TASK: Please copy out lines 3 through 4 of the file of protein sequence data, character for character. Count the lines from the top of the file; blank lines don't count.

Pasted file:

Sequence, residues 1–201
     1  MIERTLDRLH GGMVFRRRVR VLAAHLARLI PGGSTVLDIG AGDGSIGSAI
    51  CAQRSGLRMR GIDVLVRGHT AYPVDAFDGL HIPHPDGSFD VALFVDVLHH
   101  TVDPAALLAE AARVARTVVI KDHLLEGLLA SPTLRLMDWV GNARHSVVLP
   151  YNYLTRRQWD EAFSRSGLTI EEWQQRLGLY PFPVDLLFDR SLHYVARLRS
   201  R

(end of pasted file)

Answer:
    51  CAQRSGLRMR GIDVLVRGHT AYPVDAFDGL HIPHPDGSFD VALFVDVLHH
   101  TVDPAALLAE AARVARTVVI KDHLLEGLLA SPTLRLMDWV GNARHSVVLP